A dangerous workplace inevitably leads to accidents, injuries and subsequent lawsuits. As an employer, you’re required to adhere to relevant health and safety legislation. Failing to do so could result in serious sanctions and, worse still, unnecessary harm befalling one of your employees.
Although many business owners feel that health and safety laws are burdensome, making your workplace safer doesn’t have to be difficult. With these five useful tips, you can begin to improve workplace safety and prioritise employee wellbeing right now…
Conduct risk assessments
Every workplace has different risks, so a unique approach to safety is always required. By carrying out regular risk assessments, you can identify potential issues and put strategies in place to prevent accidents occurring. Companies often fail to undertake risk assessments at regular intervals, which means new risks can be left unchecked for months.
With routine risk assessments, however, you can ensure that potential safety hazards are dealt with promptly. Furthermore, recording each risk assessments, its outcome and the follow up action you’ve taken will help to limit your liability in the event of subsequent accident or injury.
Consider workplace illnesses
Workplace injuries are, unfortunately, common but workplace illnesses occur frequently too. If you want to protect your business, be sure to consider whether your employees could be at risk of succumbing to illness due to their working environment.
Some industries are more hazardous than others, so factor this into your assessments. On building sites, for example, employees will need to be issued with appropriate safety equipment and tools that have been fully tested. Alternatively, working with potentially toxic chemicals could increase the risk of asthma, COPD and other respiratory conditions, so the correct safety equipment should be made available.
Think outside the box
Some potential workplace injuries and illnesses are relatively easy to predict. If you manage an office, for example, you’ll be aware that workers could develop repetitive strain injuries if their desks and equipment aren’t properly aligned. However, there are numerous risks which aren’t quite so obvious, so it’s important to think outside the box when you’re assessing potential risks.
Pests are commonly present in commercial units, for example, and they do carry a number of health risks. If rats are on site, for example, you’ll need to use effective pest control measures due to the risk of hantavirus, LCMV and/or leptospirosis. Similarly, bird droppings can cause psittacosis, histoplasmosis, salmonellosis and candidiasis, so guano clearance from firms like Apex Bird Control may be essential.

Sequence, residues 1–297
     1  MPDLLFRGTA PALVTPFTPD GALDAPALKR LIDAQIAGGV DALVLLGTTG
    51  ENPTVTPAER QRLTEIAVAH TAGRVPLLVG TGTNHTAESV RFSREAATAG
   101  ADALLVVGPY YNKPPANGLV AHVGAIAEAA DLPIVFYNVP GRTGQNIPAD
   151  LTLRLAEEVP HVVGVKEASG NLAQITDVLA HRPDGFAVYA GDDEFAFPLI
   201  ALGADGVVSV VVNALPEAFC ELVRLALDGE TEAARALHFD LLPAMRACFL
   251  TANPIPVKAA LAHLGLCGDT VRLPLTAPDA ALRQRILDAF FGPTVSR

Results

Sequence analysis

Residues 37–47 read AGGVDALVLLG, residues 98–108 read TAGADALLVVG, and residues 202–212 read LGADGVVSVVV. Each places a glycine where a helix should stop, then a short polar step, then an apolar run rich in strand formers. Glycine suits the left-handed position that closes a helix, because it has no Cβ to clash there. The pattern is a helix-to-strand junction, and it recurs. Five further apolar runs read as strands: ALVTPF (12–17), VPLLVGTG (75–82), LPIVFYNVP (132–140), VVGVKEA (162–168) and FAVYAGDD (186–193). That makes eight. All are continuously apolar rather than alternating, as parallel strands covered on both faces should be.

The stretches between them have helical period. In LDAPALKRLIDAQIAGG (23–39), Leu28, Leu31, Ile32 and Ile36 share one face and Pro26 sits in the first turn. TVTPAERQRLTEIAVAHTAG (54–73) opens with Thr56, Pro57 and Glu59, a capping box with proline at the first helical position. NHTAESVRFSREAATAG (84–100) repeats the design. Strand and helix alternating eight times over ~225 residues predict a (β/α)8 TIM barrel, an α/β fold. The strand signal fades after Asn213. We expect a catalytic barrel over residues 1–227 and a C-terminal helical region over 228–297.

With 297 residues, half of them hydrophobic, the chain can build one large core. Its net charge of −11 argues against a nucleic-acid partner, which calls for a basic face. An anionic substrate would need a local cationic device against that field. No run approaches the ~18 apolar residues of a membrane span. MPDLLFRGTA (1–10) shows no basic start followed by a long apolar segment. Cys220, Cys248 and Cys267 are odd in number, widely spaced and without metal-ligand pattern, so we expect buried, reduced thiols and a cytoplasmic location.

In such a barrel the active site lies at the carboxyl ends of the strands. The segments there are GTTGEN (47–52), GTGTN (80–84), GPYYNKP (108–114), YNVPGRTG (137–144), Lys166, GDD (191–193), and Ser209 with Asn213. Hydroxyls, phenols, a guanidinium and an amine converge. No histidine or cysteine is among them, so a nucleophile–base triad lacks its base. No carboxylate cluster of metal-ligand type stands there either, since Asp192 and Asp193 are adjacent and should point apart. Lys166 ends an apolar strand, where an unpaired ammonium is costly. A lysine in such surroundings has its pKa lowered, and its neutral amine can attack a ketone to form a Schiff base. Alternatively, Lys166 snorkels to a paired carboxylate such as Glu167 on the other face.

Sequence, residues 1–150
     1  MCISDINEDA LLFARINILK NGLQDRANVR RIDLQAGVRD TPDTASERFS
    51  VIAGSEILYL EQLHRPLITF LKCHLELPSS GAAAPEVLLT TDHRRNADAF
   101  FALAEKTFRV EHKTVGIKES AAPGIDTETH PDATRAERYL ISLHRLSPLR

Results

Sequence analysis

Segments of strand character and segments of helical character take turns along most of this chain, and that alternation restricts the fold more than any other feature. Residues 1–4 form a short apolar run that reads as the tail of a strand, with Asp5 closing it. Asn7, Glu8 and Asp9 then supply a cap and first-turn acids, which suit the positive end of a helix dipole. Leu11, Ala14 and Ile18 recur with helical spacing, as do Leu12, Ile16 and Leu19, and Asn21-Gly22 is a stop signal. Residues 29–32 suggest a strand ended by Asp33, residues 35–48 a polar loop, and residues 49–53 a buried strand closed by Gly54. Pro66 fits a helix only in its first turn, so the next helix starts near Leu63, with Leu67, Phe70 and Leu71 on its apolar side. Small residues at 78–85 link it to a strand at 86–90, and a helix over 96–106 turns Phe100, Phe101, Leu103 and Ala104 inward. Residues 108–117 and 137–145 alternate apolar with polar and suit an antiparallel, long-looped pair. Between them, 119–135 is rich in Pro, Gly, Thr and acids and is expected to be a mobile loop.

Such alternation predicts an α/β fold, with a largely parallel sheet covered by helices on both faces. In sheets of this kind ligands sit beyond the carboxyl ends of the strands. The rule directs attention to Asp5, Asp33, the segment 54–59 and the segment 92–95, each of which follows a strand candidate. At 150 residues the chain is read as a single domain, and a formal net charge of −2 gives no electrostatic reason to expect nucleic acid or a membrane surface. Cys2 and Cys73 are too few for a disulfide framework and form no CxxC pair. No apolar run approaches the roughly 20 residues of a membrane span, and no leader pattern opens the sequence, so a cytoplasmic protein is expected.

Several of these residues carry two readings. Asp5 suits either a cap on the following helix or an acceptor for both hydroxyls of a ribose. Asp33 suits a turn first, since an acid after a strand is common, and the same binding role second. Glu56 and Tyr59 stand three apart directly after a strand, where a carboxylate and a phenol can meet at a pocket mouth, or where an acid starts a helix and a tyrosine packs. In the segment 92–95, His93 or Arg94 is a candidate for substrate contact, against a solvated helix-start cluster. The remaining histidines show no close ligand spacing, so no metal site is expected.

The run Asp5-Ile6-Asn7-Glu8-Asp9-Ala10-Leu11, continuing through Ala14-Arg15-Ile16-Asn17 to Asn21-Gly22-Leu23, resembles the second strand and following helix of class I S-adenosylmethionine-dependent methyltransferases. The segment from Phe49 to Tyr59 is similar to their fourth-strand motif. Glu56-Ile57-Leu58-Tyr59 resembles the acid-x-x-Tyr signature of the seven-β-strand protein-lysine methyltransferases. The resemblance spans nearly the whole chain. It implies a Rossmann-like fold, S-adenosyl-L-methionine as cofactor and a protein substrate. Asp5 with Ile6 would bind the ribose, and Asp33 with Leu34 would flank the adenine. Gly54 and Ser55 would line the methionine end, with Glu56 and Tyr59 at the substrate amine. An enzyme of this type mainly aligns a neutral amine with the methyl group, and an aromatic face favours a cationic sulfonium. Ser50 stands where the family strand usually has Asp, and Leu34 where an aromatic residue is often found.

Train employees regularly
If employees are unsure how to use equipment correctly or are unfamiliar with in-house processes, it’s only a matter of time before an accident occurs. In such incidents, the subsequent injuries and trauma could often have been prevented with appropriate training.
Although most firms provide induction training when employees first join the company, this alone isn’t sufficient. Employees should be given training at regular intervals, regardless of whether new equipment or protocols have been introduced. Refresher training can be an extremely effective way to make the workplace safer and it has the added bonus of improving productivity and efficiency too.
Encourage risk reporting
In many companies, employees are wary of raising health and safety issues because they fear that management will not respond well to their concerns. When workers feel unable to report potential issues, however, it puts everyone at an increased risk of injury or illness.
As your employees are the individuals who are undertaking work on the shop floor, production line, warehouse or in the office, they are often well-placed to notice potential irregularities. By making it easy for them to report their concerns, you can access the crucial information you need to make your workplace safer. Ensure employees are aware of the lines of communication they should use to report a concern and put processes in place so that their feedback is monitored, acted upon and fully recorded.
Maintaining a Safe Workplace
Creating a safe working environment isn’t a one-off task. Instead, it takes constant vigilance from every member of staff. By building a safer workplace, however, you protect your company, yourself and your employees.
In addition to this, a safe workplace is typically far more productive than a dangerous working environment. Employees have more trust in their employers when they know their wellbeing is important, which builds stronger bonds and nurtures employee loyalty. When employee welfare is prioritised and workers are happy, they operate with greater care and efficiency, which means higher outputs for your business and greater profitability.